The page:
The Burying Ground – Country Blues & Rags CD review

by • May 14, 2017 • Album Reviews, BC Musicians, Current Issue, Front Page, Read Online, ReviewsComments (0)171

The Burying Ground-webCountry Blues & Rags
The Burying Ground
independent
theburyingground.bandcamp.com
reviewed by Dave O Rama

Country Blues & Rags finds East Vancouver roots band The Burying Ground paying tribute to some of their musical heroes. Known for their down home style string band originals The Burying Ground follow up their debut Big City Blues with an EP of covers featuring many classics from the depression era American south.

Formed by Van City punks Woody Forster (Resophonic guitar and vocals) and Devora Laye (washboard, vocals, kazoo, and musical saw) from members of their old band The Dire Wolves, the main core of the band is filled out by upright bass player Joseph Lubinsky-Mast, while Trent Freeman (fiddle), and harmonica man Josh Doherty swell the ranks to a five piece for this recording.

Recorded in Laye’s living room as an homage to their early 19th century influences, Country Blues & Rags features some well executed songs by many country blues legends such as Blind Blake, Big Bill Broonzy, Memphis Minnie’s Drunken Barrelhouse Blues, Blind Lemmon Jefferson’s Easy Rider Blues, and Charlie Poole’s Milwaukie Blues.

“We’re going in to record a new full length album of all originals very soon,” says Forster. “We recorded this EP all in one day. It was engineered by our good friend Mark Lawrence at The China Cloud studios. He’s always helping us out and making things happen for us.”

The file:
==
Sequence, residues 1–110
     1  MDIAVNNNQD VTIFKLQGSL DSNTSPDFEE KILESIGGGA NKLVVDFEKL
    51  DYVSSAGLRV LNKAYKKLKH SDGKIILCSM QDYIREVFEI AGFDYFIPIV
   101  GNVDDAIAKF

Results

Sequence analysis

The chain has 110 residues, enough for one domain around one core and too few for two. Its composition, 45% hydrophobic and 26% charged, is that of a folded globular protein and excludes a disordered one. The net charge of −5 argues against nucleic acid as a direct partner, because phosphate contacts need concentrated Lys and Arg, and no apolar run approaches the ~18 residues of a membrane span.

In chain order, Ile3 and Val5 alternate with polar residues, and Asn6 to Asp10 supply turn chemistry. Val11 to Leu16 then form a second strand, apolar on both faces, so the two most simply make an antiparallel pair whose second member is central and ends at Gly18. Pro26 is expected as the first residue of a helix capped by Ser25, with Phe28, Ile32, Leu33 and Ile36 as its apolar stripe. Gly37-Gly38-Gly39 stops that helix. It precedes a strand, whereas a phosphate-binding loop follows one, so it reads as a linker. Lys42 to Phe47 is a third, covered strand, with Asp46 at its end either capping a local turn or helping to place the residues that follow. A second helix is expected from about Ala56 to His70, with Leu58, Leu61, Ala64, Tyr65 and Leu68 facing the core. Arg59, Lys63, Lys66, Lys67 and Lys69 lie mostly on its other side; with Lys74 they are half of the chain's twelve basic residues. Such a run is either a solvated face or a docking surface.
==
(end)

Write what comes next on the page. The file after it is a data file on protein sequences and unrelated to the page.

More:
Forster’s rich and hearty voice certainly does justice to the material and the simple old timey string band approach sounds incredibly authentic and Laye’s contribution of clackity washboard shuffle and ethereal saw induced melodies really penetrate the music with a rough jugband feel that transports the listener back in time. Vancouver’s The Burying Ground prove to be excellent interpreters of an old form of rural music from an era when folks had to whip up a dance party with whatever instrumentation was available, and Country Blues & Rags would surely impress any and all followers of the form.

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